President of the Syrian Coalition
April 29, 2015
Your Excellencies, Distinguished Ambassadors,
Thank you for the opportunity to speak to you today. I’m particularly grateful to France, the United States, and the United Kingdom for convening this meeting. I would also like to take this opportunity to thank the friends of the Syrian people who have generously provided humanitarian aid, given shelter and assistance to our displaced people, and trained and equipped our brave civil defence teams.
I speak to you today, on the Day of Remembrance for all victims of chemical warfare. Syrians are among those victims. Syrians have suffered the torment of chemical weapons, barrel bombs, ballistic missiles, torture, siege and starvation at the hands of a dictator who has used all means to suppress the rights of the Syrian people to freedom and dignity. I don’t want to repeat the statistics on the regime’s crimes. You all know them. The crimes committed by the Assad regime amount to crimes against humanity and war crimes. They are a permanent stain on the international community, and particularly this Council. And the situation is getting worse. Assad’s brutality, and the international community’s failure to end these crimes, have bred a vicious extremist threat that is a clear and present danger to the world.
This Council has expressed its concern and condemnation of the deteriorating situation in Syria. But words are not enough. Condemnations have not stopped Assad’s aerial bombardment. Strong statements will not end ISIL’s terror. Even the Council’s resolutions on humanitarian access and the prevention of chemical weapons have not had the desired impact. For example, the Syrian Network for Human Rights has listed 87 violations of UN Security Council resolution 2118 on chemical weapons. Despite the efforts of some, none of the steps taken by the international community has made the difference we need. We need action to immediately stop the killing. We need protection to put the country on track for a political solution based on the 2012 Geneva Communiqué.
We believe your Council has the opportunity today to take decisive steps to end the conflict in our country. Three important developments together present –in our opinion – an opportunity to push for a peaceful solution.
First, the regime cannot win militarily. Opposition forces have defeated the regime in the north and south, despite the support that it has received from some regional and international forces and from mercenary militias from all over the world. In parallel, there are growing divisions within the regime. Major General Rustom Ghazaleh – a member of the regime, killed by another member of the regime – is not the first example, and nor will it be the last, of a regime turning on itself. The military and economic decline of the regime coincides with the withdrawal of its troops from cities – which it then aerially bombards.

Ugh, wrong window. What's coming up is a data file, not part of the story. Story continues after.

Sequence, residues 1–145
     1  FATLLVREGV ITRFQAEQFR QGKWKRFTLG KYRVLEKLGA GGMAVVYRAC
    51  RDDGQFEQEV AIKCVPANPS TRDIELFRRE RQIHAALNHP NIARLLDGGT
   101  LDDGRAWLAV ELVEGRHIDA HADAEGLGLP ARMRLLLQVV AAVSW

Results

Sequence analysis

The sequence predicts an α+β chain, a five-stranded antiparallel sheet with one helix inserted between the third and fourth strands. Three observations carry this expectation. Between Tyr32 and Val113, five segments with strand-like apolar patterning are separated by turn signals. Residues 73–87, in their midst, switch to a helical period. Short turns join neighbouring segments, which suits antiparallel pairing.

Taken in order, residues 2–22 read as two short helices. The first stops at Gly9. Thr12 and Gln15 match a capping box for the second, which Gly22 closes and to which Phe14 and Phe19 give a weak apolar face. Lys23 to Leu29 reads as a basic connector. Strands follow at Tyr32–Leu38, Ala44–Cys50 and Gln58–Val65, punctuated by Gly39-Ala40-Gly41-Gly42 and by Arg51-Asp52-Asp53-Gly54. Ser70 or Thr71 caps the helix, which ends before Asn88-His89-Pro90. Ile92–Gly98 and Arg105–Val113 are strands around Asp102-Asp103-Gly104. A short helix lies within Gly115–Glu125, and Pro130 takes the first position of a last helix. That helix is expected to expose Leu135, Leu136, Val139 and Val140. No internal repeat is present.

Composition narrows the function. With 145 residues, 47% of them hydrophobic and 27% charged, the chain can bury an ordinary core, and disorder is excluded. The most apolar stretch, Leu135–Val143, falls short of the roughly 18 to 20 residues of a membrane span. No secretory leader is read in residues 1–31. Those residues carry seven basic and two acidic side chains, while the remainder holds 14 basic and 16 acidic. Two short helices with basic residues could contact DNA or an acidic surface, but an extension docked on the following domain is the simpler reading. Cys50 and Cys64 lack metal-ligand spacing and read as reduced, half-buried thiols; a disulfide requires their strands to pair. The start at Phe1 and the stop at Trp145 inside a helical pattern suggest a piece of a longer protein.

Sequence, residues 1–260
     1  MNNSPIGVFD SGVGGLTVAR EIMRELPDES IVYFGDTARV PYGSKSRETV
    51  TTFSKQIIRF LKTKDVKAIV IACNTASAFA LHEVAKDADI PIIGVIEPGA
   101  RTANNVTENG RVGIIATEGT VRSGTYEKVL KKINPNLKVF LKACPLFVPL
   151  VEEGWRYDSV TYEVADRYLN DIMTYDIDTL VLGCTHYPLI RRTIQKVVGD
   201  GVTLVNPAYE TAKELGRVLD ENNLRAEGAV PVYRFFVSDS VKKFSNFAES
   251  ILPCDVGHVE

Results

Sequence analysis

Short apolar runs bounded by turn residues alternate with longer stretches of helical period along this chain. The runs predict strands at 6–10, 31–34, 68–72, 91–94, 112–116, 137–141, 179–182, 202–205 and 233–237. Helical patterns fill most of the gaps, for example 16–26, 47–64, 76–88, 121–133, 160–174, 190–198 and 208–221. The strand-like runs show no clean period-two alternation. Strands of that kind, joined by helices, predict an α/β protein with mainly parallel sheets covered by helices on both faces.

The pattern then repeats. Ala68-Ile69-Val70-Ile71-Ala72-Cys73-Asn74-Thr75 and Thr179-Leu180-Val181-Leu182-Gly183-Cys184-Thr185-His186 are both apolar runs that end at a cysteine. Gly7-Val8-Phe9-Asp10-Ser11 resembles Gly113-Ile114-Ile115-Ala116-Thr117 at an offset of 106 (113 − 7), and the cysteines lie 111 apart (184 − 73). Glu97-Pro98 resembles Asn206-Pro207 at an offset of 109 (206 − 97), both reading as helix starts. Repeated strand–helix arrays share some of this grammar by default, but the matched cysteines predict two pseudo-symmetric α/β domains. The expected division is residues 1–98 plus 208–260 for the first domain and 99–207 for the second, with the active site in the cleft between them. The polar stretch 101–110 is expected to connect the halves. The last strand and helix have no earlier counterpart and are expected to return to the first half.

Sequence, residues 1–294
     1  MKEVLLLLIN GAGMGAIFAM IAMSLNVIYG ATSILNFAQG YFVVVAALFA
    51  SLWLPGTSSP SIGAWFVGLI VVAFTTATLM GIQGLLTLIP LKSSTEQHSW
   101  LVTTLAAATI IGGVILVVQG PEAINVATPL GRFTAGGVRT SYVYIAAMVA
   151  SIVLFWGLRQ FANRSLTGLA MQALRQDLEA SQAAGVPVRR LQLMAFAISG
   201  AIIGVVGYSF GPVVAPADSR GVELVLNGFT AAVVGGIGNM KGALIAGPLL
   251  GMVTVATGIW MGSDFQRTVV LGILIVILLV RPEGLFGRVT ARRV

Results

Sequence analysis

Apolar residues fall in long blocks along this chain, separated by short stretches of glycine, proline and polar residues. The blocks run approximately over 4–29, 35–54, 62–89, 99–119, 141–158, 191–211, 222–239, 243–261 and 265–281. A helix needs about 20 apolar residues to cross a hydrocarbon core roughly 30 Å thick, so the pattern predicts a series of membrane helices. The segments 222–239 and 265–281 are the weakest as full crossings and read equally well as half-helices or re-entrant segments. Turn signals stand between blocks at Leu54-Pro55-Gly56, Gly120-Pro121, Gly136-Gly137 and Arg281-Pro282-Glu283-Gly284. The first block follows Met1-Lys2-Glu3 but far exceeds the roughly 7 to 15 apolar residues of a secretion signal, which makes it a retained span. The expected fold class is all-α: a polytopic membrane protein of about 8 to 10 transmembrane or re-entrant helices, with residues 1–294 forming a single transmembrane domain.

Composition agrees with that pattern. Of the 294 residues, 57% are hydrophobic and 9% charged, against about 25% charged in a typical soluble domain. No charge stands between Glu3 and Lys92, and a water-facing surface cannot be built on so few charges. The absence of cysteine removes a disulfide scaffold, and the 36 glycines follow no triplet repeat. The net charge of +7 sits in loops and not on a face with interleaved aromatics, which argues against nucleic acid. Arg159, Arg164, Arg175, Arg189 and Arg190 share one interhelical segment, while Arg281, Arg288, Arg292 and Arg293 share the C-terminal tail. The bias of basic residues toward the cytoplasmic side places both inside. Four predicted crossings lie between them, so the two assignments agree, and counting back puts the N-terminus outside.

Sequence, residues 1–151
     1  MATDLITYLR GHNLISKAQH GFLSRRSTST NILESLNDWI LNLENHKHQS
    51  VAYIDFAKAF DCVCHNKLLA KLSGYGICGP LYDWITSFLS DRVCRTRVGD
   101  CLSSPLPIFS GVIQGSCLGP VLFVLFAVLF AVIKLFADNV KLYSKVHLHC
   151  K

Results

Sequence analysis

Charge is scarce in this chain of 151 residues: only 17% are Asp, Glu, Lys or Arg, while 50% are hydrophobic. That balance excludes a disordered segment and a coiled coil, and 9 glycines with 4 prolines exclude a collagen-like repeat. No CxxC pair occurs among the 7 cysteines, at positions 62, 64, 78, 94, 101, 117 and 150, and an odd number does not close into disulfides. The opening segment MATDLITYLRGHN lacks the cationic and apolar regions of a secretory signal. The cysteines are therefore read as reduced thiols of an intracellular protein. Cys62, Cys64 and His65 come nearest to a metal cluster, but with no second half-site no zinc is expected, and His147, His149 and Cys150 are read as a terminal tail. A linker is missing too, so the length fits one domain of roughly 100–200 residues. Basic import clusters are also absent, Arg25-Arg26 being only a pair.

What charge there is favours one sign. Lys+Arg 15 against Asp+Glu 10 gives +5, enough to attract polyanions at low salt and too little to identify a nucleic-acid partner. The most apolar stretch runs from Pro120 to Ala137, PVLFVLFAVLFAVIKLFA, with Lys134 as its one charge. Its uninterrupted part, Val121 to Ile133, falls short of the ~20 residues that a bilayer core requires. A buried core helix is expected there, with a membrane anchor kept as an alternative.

Second, the political opposition, and particularly the Syrian Coalition, is making progress. We have worked hard to move from the mindset of opposition to that of a state. We are leading the effort, through open dialogue with the rest of the political opposition groups, including Building the Syrian State Movement, and National Coordination Committee for Democratic Change, to unite our political efforts and positions within the framework of the Geneva Communiqué. We have initiated joint meetings with moderate armed groups on fighting extremism and maintaining a large part of the military, security and civil state institutions during the transitional phase. The first consultative meeting, held on April 25 and attended by the majority of the military factions fighting the Assad regime and ISIL, was a step towards forming a comprehensive national consensus on the parameter of a political solution, and towards an agreement on establishing a civil democratic state.
You already know that we are engaging constructively with Staffan de Mistura and his team in order to find a political solution acceptable to all Syrians, just as we engaged Lakhdar Brahimi and Kofi Annan. Our position on regional initiatives depends on their compatibility with the Geneva Communiqué. We are not a traditional opposition, but revolutionary movements with a common goal: to end dictatorship, end the bloodshed, and build a free democratic state in Syria. In this context, over the past four years, we have developed documents and principles accepted by all opposition forces. These include the 2011 founding document of the National Council, the two Cairo papers of 2012, the founding document of the Syrian National Coalition, the road map that we submitted during the Geneva negotiations, and the thirteen points we submitted as a basis for dialogue with other factions. We also have a detailed vision for the transitional period, including the Day After project, which we continue to develop.